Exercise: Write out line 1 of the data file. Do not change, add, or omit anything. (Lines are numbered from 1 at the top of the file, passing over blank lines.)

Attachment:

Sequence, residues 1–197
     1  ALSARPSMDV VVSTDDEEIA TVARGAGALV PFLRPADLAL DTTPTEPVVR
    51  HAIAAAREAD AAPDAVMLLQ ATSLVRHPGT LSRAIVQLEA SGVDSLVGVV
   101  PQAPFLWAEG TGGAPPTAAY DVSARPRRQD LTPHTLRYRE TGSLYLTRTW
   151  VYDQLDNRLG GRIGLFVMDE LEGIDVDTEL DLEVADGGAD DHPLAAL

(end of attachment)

Sequence, residues 1–197